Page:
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Letter To Editor
2008:74:1;59-60
doi: 10.4103/0378-6323.38413
PMID: 18187829

Extragenital lichen sclerosus of childhood presenting as erythematous patches

NG Stavrianeas, AC Katoulis, AI Kanelleas, E Bozi, E Toumbis-Ioannou
 2nd Department of Dermatology and Venereology, National and Kapodistrian University of Athens, School of Medicine, "Attikon" General University Hospital, Athens, Greece

Correspondence Address:
N G Stavrianeas
"Attikon" General University Hospital, 1 Rimini Str., Chaidari, 124 61, Athens
Greece
How to cite this article:
Stavrianeas N G, Katoulis A C, Kanelleas A I, Bozi E, Toumbis-Ioannou E. Extragenital lichen sclerosus of childhood presenting as erythematous patches. Indian J Dermatol Venereol Leprol 2008;74:59-60
Copyright: (C)2008 Indian Journal of Dermatology, Venereology, and Leprology
Figure 2: Epidermal hyperkeratosis, subepidermal clefting and dermal hyalinization with mild lymphohistiocytic infiltration at dermoepidermal junction (H and E, X100)
Figure 2: Epidermal hyperkeratosis, subepidermal clefting and dermal hyalinization with mild lymphohistiocytic infiltration at dermoepidermal junction (H and E, X100)
Figure 1: Hypopigmented sclerotic areas and erythematous lesions coexisting in the same area
Figure 1: Hypopigmented sclerotic areas and erythematous lesions coexisting in the same area

Sir,

Lichen sclerosus (LS) originally described by Hallopeau in 1887, is a chronic inflammatory dermatosis of obscure etiology. It is rather a rare mucocutaneous disorder that predominantly affects the genitoanal area with white porcelain-like sclerotic lesions. [1] Its incidence peaks in early childhood and after menopause. [2] Lichen sclerosus occurs in childhood with genital and/or extragenital involvement.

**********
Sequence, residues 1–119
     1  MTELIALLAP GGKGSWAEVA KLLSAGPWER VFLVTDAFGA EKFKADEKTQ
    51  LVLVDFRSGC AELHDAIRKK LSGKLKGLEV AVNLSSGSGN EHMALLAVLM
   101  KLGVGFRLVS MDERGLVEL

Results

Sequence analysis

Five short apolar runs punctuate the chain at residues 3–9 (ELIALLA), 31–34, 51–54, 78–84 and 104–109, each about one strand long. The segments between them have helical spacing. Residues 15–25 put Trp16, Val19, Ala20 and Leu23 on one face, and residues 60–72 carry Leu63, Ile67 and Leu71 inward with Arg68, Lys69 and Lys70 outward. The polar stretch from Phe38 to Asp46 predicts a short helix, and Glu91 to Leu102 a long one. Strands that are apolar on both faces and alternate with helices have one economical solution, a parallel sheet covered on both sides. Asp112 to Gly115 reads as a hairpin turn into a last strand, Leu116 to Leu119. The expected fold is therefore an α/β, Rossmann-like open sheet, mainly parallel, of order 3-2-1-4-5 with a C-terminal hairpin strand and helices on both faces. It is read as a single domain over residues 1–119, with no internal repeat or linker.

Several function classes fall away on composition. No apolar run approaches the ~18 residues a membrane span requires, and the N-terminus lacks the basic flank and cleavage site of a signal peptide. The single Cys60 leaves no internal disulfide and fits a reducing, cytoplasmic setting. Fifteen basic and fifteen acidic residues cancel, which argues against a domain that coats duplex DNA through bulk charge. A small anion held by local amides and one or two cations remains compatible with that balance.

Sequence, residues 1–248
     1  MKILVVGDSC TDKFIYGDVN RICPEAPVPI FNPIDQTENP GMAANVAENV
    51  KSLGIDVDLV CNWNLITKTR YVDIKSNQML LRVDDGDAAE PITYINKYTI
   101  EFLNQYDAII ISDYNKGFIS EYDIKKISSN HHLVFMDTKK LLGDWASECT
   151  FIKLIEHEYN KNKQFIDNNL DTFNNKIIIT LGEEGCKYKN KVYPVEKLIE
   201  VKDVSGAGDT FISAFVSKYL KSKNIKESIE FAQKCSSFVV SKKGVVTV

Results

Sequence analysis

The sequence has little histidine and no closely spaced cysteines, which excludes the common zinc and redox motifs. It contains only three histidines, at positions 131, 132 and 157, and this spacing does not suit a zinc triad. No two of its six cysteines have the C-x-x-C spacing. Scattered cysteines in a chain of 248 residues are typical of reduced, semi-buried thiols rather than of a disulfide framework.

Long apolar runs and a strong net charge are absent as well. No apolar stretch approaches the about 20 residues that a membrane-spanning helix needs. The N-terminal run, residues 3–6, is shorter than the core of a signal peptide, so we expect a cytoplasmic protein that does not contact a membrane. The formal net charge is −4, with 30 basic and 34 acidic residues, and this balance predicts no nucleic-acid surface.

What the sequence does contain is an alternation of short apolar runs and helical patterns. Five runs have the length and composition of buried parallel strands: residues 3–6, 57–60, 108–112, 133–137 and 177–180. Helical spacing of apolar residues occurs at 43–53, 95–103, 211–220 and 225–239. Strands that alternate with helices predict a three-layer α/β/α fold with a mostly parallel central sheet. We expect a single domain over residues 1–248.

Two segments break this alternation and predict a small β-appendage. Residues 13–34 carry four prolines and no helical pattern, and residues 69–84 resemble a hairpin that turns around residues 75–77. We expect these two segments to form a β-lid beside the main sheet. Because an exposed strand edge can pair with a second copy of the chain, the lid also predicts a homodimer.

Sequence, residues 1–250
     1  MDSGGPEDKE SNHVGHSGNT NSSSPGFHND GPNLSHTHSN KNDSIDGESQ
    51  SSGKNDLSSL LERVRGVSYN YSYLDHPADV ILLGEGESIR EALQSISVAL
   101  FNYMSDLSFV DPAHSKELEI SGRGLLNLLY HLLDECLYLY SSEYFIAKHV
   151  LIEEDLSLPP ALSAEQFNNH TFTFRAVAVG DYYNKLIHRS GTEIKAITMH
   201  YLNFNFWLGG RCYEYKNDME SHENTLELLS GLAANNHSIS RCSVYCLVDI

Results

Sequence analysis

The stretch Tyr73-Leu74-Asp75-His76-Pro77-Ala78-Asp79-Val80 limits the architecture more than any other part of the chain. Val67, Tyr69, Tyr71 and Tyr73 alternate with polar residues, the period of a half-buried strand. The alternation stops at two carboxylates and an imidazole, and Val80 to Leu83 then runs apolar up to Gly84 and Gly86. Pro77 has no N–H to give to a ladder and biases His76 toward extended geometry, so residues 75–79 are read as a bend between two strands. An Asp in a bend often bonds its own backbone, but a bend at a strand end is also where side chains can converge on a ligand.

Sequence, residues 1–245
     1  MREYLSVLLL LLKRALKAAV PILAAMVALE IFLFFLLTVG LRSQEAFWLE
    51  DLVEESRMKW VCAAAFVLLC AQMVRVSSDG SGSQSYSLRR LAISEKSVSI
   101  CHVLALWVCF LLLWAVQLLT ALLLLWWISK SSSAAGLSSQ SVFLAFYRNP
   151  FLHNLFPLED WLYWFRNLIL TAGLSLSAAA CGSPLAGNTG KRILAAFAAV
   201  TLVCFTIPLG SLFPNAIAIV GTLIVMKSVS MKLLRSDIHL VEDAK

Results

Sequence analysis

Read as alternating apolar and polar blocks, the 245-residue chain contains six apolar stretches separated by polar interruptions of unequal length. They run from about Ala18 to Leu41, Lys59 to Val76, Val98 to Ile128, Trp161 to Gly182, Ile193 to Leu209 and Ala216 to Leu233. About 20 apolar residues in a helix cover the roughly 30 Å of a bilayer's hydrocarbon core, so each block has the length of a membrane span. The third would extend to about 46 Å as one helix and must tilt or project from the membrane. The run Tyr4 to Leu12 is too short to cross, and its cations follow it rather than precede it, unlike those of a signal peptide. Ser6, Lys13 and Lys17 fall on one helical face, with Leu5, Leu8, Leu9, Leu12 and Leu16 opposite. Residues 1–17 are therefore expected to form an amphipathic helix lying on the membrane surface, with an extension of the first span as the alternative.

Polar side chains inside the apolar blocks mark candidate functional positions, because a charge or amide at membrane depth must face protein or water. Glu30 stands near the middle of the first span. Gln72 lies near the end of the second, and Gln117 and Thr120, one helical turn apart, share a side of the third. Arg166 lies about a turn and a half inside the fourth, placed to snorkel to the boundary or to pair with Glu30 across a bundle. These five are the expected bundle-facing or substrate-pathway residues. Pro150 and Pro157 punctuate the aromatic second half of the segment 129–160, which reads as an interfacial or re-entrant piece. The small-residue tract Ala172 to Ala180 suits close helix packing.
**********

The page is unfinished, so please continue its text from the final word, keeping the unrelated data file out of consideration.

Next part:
A nine-year-old Caucasian Greek girl presented to our department with asymptomatic ill-defined erythematous lesions of the trunk and thighs. On clinical examination we observed multiple confluent red patches, approximately 1-2 cm in diameter, which had appeared two weeks previously. The genital organs and the oral cavity were without lesions. No lymph nodes were palpable. Her physical examination was otherwise normal. The patient was not on any medication. Her medical and family history was negative for skin diseases. A punch biopsy from a trunk lesion was performed. The histopathological findings were not diagnostic showing hyperkeratosis, dilated capillaries and moderate perivascular lymphocytic inflammatory infiltrate. The patient was treated with a potent topical corticosteroid for three weeks with no significant improvement.

At five months after onset, some of the lesions became hypopigmented sclerotic plaques while others remained erythematous. There were areas where sclerotic and erythematous lesions coexisted [Figure - 1]. Mucous membranes remained unaffected. A second punch biopsy from the lumbar region was performed. The histopathological findings of the second punch biopsy from a sclerotic plaque showed an epidermis with compact hyperkeratotic scale [Figure - 2]. A cleft-like space separated the epidermis from the pale dermis. Atrophy, hyalinization and homogenization of the dermal collagen and a mild band-like lymphohistiocytic infiltration were also observed. Dilated capillaries were noted. These findings were consistent with lichen sclerosus. Furthermore, polymerase chain reaction (PCR) for Borrelia -specific DNA in lesional skin was negative. Antinuclear antibodies were also negative. Finally, all routine blood panels were within normal limits. A potent topical corticosteroid cream was prescribed for 4 weeks. At the 4 week follow-up visit, both erythematous patches and sclerotic plaques remained unchanged. The topical corticosteroid therapy was discontinued and topical pimecrolimus was instituted, twice daily for 6 months. 1 month after initiating treatment with pimecrolimus, skin lesions showed significant regression of both the erythematous and sclerotic component. The patient was assessed at monthly intervals for 12 months and her clinical improvement was sustained during this period. No side-effects were reported. Moreover, no recurrence occurred during the follow-up period.